The Good Life
A regular column by Ami Hillege
Otway Fields is our little piece of paradise!
Two years ago, we were a pair of city slickers who found a beautiful spot in the Otways where we could carve out a more meaningful life of being as self sufficient as possible. We said goodbye to lattes, traffic and smog. Instead, we grow much of the food we eat organically and raise our own beef, keep chooks and a few ducks.
The transition to living on a small farm has been exciting and at the same time we’ve experienced a steep learning curve. Town for us is around 25 kms away, so popping in for a single item is not an option. Instead we make lists of supplies we need and add any other ‘town chores’ and make the trip once a week. Instead of visiting large shopping centres with gleaming tiled floors and loud hollow sounding music, our favourite store in town has become the local co-op. What an interesting shop! Horses bridles, sheep drench, fencing kits, lime for the chook shed, gum boots, bread flour… yes… bread flour!
I buy large bags of organic flour and have been making our daily bread ever since we came to the country. I make our own bread because it’s always fresh on the day, it’s a lot cheaper than buying bread, there are no plastic bags to get rid of and most importantly, there are no preservatives in it. Oh, and it is delicious! There’s nothing like a loaf of soft, warm bread, served with a handful of garden herbs and a hunk of goats’ feta. And if we’re lucky, there will be a little pot of honey from our hives to accompany this treat!
We had so many items on our list of things to do when we first arrived. There were vegetable garden beds to construct, bird netting to be built over the kitchen garden, a greenhouse to organise and animals to be purchased. As we slowly worked our way through our list, we armed ourselves with as much knowledge as we could. We attended courses on composting, organic farming and took part in educational farm visits organised by the Landcare Group. We met locals who were happy to share their tips on raising animals, fixing farm equipment and even helping us to buy our first cows.
I had a dream list of all the vegetables and flowers I wanted to grow. The list was long, and probably a tad unrealistic. So I set about planting seeds and seedlings that would give us food first. Flowers took a back seat. The vegetable garden beds took priority. Frans did have one request. He wanted sunflowers. We created a long garden bed along the north facing wall of the old barn. We used the easy ‘cheat’ or ‘no dig’ method. We first laid down a row of flattened cardboard boxes and gave them a good soaking. On top of that we shovelled a good layer of three way mix, gave the soil another water and planted the seeds. Then we sat back and waited. I planted the sunflower seeds in early December when the ground was warm. A few weeks later, we had a dancing row of beautiful sunflowers lining the old barn wall. Sunflowers have now made it onto the list of ‘must haves’. They look pretty, the bees love them and the chooks get to feast on the seeds when they have come to their end. I make sure I save a few handfuls of seed for the next sowing.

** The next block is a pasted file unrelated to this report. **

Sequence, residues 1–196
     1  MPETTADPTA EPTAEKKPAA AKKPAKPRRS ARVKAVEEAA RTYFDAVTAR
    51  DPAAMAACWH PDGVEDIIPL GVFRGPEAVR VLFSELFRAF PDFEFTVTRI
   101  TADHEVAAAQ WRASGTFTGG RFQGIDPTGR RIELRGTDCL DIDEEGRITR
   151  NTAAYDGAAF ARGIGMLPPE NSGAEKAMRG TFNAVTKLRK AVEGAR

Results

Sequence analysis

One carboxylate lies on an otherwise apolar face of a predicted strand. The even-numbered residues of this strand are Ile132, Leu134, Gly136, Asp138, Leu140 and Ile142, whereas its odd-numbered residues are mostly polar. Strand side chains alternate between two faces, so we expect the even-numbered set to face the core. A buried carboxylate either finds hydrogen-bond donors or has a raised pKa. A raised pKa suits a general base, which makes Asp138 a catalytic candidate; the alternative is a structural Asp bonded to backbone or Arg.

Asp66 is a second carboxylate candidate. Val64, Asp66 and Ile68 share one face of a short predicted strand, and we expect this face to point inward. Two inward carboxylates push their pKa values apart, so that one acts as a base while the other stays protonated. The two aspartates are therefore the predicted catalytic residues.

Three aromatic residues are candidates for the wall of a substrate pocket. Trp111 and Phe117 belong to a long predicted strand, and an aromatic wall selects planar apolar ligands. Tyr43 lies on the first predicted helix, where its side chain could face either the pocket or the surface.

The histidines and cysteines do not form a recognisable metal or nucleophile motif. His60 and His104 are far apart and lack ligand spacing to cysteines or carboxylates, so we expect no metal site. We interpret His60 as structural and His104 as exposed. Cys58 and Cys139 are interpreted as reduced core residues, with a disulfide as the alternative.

We decided early on that we would keep chooks for eggs and meat. However, the meat part was probably more of an idealistic dream. The egg part was easy. We started with a small flock of pullets and waited for them to start producing eggs. We inherited a few more old hens and have never been without our own eggs. We have some weeks where the production is a little low. To be honest, about half the hens in our current flock are living out a luxurious life of free range retirement! A friend who runs a kinder in Melbourne hatched 9 baby chicks. Once the chicks were hatched, they needed a home for them. So we were the lucky ones to bring them home. It took a few weeks for us to identify the hens from the roosters. We knew we were approaching our goal of eating our own chicken meat. The roosters had to go.
Our first foray into slaughtering our own fowls was a couple of drakes. We’d been given three ducklings and they all turned out to be boys. We swapped one Pekin drake with our neighbour for two of his female Moscovy ducks. We put the new girls with the two remaining drakes and left them to it. A few days after the newcomers joined the males we noticed that the ducks spent most of their time on top of their cage where the drakes couldn’t reach them. (the ducks could fly and the drakes couldn’t as we’d clipped their wings). Every time they needed to get down for water or food the drakes would attack them with gusto. It was horrible. The poor ducks were getting battered from all sides.
We separated the ducks from the drakes and put them with the chickens in the chicken pen. There, a new pecking order had to be established too, but the ducks could at least fend for themselves a little better. This left us with a dilemma. What do we do with the drakes? We decided that we would have to do away with one. Frans had the unpleasant task of despatching the remaining drake. A big pot of water was put on to boil while the bird was sent to duck heaven. It was then dunked in hot water and plucked. The feathers flew everywhere. Finally the bird was cleaned and gutted. The liver was the only offal we saved. I created a divine duck liver and mushroom pate’ with brandy and sage. The drake was too old to roast and I had no idea how tought it would be, so I chose a Chinese recipe where the bird was poached for a few hours in a delicious broth, then served with a chilli and coriander salsa and rice. The result was sensational. Note: Stray duck feathers are sharp and can cut your finger! There is something decidedly special about caring for your food and then eating it. . Would I do it again? Well yes. And so the next time we had to repeat this task, we were a little more experienced and a little less horrified.